A decision now needs to be taken regarding pre-bend in the mast. Pre-bend has the effect of pulling some of the fullness out of the mainsail to flatten it. It is normal to have a small amount of permanent pre-bend on a masthead rig, whereas tension on the backstay of a fractional rig will apply bend when required. Increase the tension equally on both forward lower shrouds, or the babystay, until two or three inches of bend is pulled into the middle of the mast. A normal amount is about half the mast diameter. Sight up the mast as you pre-bend it to make sure that you aren’t getting an “S” or a bow left or right.
The aft lowers balance the forward lowers or babystay, fine-tune the rig and give additional support to the mast. All you need to do with the aft lowers at this stage is tighten the turnbuckles about one turn past “finger-tight”. Sight up the luff groove to make sure that the mast is still straight.
With these steps complete at the dock, it’s time to set sail and make your final adjustments.
Sail the boat on a series of upwind tacks in 10-14 knots of breeze and examine the rig on each tack.. You are looking for three main points for the rig, and three more for the sails:
- That slack in the leeward shrouds is not excessive. The wire should loosen but there should be no clearance in the swivel or other pin joints. This applies to cap and lower shrouds. If slack is excessive when hard on the wind, adjust by equal numbers of turns on each side.
- Keep sighting up the luff groove to ensure that the mast remains in column. If the top of the mast is falling away tighten the cap shrouds, if the centre is bowing upwind loosen the lowers, if it is bowing downwind, increase tension. Increase backstay tension and check mast straightness with the added compression load. Check on both tacks.
- Check forestay sag with maximum backstay tension. It should be no more than two to four inches for a 35 ft. boat in this wind range. If it is greater than this then tighten the forestay. If less than this, loosen it, otherwise your forestay will be too tight to provide proper power in the lighter air. Most jibs are cut with some forestay sag designed in. If you don’t have an adjustable backstay, then do these tests with a moderately tight backstay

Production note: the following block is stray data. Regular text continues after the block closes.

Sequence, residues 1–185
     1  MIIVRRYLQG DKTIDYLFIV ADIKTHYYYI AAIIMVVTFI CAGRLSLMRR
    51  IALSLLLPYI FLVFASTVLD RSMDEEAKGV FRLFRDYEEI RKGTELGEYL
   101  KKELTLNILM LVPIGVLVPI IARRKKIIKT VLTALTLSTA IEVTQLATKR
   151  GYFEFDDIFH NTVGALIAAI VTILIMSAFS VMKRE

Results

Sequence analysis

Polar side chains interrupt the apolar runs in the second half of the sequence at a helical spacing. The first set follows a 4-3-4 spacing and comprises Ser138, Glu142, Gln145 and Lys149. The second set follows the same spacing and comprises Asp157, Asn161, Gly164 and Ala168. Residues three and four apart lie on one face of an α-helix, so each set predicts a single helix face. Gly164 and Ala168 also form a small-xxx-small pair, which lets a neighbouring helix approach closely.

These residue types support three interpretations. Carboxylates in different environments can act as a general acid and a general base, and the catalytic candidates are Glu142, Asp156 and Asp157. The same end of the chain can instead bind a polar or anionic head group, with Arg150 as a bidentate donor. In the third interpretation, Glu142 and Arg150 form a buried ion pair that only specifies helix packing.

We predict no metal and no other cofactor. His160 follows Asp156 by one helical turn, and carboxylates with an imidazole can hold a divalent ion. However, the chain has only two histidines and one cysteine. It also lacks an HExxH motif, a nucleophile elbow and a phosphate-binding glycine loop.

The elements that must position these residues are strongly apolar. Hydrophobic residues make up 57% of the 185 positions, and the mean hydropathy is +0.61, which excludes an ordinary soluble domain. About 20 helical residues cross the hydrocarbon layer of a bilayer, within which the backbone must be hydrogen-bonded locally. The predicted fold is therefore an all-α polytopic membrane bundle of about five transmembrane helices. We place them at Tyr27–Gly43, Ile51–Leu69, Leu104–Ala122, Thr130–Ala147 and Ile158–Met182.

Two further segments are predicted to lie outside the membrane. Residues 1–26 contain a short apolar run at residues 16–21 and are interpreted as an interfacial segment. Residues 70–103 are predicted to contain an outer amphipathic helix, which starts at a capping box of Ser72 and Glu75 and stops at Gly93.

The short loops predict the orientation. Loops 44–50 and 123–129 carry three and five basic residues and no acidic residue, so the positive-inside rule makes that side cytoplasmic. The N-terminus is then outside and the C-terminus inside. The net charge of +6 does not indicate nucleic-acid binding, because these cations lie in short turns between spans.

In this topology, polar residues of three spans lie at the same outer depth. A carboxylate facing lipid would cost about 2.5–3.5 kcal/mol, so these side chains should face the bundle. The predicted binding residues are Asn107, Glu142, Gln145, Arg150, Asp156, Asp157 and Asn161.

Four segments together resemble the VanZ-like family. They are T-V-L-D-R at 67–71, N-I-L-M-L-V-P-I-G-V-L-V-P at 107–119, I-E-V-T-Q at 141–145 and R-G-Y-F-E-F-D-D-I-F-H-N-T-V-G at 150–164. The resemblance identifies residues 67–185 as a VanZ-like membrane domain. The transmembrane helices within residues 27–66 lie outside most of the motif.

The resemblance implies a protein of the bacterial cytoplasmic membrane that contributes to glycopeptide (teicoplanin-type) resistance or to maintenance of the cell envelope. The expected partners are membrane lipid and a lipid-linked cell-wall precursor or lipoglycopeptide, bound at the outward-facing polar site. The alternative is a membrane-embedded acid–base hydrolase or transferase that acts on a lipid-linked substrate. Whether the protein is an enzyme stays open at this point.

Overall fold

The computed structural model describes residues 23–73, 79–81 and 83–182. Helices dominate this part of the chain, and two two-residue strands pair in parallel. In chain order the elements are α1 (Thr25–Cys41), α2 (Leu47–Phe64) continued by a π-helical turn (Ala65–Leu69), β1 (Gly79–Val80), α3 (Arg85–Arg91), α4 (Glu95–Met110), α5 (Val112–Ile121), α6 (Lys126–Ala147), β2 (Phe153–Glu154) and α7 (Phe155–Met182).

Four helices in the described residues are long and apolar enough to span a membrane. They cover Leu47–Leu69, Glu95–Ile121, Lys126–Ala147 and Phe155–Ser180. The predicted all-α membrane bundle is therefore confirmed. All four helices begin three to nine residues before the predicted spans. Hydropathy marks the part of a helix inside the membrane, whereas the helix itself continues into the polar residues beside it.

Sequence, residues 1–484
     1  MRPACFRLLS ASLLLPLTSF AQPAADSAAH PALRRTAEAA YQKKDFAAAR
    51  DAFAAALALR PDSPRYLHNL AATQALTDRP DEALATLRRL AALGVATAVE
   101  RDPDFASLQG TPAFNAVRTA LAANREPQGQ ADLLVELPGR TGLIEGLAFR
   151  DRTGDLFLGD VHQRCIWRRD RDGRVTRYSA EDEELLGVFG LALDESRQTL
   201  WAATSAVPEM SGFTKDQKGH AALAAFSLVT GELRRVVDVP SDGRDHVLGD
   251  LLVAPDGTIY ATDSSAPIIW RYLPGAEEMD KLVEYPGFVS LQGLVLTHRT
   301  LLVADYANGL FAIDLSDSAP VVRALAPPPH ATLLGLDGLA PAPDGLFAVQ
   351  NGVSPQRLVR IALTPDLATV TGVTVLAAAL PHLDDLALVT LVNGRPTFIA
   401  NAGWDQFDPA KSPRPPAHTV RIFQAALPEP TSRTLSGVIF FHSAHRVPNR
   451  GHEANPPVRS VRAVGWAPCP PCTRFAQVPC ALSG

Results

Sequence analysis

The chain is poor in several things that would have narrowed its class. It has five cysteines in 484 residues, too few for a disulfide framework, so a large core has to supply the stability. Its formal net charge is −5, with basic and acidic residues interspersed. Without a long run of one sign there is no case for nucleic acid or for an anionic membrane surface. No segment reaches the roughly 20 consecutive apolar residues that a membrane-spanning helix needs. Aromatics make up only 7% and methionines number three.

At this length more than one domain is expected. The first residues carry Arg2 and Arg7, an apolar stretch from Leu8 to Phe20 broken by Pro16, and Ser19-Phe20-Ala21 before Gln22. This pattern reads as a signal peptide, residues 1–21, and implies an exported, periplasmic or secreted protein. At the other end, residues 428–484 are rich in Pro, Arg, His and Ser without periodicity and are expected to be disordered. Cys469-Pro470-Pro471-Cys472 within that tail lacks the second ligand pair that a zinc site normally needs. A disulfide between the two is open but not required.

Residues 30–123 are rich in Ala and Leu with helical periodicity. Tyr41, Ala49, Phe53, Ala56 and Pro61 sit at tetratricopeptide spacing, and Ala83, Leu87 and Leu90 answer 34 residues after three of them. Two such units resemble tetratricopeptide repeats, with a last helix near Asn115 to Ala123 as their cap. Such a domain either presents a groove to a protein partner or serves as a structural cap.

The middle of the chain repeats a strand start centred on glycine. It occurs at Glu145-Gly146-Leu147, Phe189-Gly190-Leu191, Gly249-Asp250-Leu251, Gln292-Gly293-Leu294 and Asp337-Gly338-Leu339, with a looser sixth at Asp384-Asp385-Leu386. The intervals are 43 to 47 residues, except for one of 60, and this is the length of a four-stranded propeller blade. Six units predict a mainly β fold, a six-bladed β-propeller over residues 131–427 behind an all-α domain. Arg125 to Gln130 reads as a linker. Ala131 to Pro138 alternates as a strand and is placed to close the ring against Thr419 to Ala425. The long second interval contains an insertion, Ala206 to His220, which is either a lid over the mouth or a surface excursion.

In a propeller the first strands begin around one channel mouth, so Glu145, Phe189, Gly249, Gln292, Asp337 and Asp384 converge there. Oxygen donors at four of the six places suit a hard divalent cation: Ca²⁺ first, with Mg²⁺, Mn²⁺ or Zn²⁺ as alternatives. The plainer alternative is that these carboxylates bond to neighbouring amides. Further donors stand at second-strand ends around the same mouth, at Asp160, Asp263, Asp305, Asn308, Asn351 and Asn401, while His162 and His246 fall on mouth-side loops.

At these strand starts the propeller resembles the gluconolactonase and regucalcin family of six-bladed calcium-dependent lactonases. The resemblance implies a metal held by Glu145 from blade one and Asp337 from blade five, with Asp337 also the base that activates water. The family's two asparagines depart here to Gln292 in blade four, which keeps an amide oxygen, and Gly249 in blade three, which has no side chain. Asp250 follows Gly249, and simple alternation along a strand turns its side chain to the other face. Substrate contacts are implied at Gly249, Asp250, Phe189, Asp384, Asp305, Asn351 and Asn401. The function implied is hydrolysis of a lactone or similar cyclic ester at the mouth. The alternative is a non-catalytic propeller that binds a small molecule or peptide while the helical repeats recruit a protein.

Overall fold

- Pay attention to mainsail shape, especially down low, as the luff curve should be matched to the mast pre-bend. Pre bend is adjusted on a keel-stepped boat by moving the mast at the step and partners but on a deck-stepped boat be increasing babystay tension. . Make this adjustment if the mainsail is either too full or too flat in the lower third, with respect to the rest of the sail (i.e., the sail is out of balance).
- Check helm balance with the main and jib sheeted for upwind sailing. If weather helm is excessive with the mainsail flat but not backwinded, jib sheeted in to maximum, and enough backstay on to give about three inches of forestay sag, then you need to rake the rig forward a bit. Too little helm, or poor pointing ability, and you need to rake it aft. This adjustment is done by tightening or lengthening the forestay, perhaps three to ten turns, preferably when moored alongside. Don’t forget that changing forestay length will also change babystay tension. After doing this, again check headstay sag, mainsail shape, and rig athwartships position in 10-15 kts. If you have added rake, be sure to check that the genoa clew is not too close to the deck or the sheet lead is not too far forward to be sheeted properly.